Rainwater garden, Lower Ninth Ward, New Orleans

Chip GillerRainwater garden, Lower Ninth Ward, New Orleans.

Dear friends,

Fall is here — have you noticed the unmistakable whiff of End Times in the air? The latest climate report says we’re all doomed, the government has shut down, Breaking Bad is over … how much more can we take?

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OK, I’ve never actually watched Breaking Bad. But I did find the timing of the other two events amazing: Just days after the influential IPCC report said we must take action to avoid irreversible planetary harm, the U.S. government proved that it was incapable of performing basic functions, never mind taking proactive steps on climate and energy.

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That is, in a word, bad.

I’ve been thinking about this perfect storm of urgency and inaction a lot this week, because I’m making my first-ever visit to New Orleans. I’ll never forget being in the Grist newsroom when Hurricane Katrina struck. Along with the rest of the country, we watched with increasing horror as the storm devastated homes and lives across the city. But unlike the rest of the country, we also found ourselves wondering: Did climate change make Katrina worse?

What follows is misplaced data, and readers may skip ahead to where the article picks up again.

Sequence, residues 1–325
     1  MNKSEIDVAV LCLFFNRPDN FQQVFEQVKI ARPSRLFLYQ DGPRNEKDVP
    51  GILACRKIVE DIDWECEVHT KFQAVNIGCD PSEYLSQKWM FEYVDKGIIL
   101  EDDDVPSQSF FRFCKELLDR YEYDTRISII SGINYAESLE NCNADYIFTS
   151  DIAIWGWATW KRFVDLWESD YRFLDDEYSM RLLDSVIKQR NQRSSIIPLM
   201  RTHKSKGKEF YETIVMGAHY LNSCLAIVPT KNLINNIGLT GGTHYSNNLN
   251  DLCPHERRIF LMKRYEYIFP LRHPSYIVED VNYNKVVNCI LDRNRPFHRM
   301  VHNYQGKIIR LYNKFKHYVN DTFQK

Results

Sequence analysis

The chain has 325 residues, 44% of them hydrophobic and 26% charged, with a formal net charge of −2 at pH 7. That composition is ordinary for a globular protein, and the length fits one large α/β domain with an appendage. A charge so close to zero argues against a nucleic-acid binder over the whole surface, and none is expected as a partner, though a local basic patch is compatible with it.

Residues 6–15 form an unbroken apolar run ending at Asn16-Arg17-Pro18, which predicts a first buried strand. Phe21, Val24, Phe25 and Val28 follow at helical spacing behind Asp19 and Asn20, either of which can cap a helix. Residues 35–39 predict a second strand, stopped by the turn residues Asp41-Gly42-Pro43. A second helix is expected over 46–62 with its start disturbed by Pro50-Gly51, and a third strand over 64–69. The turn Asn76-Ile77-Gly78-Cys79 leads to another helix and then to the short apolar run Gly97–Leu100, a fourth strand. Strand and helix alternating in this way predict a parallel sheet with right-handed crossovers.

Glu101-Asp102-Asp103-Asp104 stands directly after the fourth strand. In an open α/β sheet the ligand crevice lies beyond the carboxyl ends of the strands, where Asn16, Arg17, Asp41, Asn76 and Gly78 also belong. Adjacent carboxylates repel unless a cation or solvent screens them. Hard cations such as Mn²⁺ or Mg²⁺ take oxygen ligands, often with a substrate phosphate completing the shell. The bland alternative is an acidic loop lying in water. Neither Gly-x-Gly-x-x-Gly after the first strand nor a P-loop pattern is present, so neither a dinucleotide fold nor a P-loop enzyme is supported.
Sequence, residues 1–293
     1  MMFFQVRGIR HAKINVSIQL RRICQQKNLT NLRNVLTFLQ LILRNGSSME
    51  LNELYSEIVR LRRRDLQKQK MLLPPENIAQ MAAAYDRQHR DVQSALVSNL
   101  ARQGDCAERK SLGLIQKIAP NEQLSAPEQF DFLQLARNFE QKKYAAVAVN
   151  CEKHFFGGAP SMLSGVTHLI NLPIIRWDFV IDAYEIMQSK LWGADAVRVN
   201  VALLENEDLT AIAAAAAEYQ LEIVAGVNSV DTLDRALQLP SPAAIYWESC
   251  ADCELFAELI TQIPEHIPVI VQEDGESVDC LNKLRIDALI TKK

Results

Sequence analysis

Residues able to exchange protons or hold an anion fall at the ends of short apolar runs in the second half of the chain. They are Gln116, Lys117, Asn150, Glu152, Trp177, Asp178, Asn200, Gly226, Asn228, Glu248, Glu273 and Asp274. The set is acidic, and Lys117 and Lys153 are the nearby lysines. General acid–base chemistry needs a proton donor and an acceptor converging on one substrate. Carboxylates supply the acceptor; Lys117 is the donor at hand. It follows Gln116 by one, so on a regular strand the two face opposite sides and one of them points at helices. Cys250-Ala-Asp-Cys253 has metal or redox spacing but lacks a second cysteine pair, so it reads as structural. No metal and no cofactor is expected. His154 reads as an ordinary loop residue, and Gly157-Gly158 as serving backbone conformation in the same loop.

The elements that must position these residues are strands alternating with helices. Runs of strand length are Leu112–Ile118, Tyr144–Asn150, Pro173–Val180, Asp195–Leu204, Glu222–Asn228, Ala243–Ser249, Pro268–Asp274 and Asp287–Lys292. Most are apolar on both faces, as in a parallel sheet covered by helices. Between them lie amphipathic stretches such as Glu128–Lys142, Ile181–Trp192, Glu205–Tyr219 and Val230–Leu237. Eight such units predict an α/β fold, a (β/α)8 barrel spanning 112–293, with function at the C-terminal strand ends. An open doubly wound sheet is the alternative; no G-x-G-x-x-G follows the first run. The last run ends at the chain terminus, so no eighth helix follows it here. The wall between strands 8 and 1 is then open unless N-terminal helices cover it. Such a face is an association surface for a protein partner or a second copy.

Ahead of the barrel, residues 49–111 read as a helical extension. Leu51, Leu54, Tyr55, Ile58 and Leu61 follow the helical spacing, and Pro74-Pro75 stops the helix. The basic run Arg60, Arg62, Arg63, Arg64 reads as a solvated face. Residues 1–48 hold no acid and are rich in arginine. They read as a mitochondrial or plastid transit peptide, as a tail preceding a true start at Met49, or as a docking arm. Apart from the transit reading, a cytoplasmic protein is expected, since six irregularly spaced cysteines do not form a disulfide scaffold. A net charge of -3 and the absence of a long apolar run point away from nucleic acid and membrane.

It was an odd question to ask back then. Climate change had not yet found its way into the mainstream. Things were different when Hurricane Sandy hit: In the blink of an eye, the press was all over “the climate question.” Grist had played an important role in elevating the issue during the ensuing years, and we’re glad more of our media peers are asking questions about what climate change really looks like — and how we’re going to deal with it.

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On this trip, I’ve been lucky enough to get a firsthand look at some real-world solutions being put into action, from rainwater gardens, permeable pavement, and LEED-platinum homes in the Lower Ninth Ward, to a thriving urban farm on New Orleans’ north side. If anything, they seem to be proof that progress is possible, even in the unlikeliest of places.

At Grist, we’ve been working hard to spotlight projects like this around the country for a while now. That’s because they make us feel hopeful in a time of planetary — and governmental — gloom, and because we think they can provide replicable models for other communities. Next year, we hope to spur even more action by convening changemakers and influencers at a groundbreaking event. (If you’re interested in finding out more about that, please be in touch.)

From where I sit, one thing is clear: Climate change is real, it’s affecting all of us, and we have got to do something about it.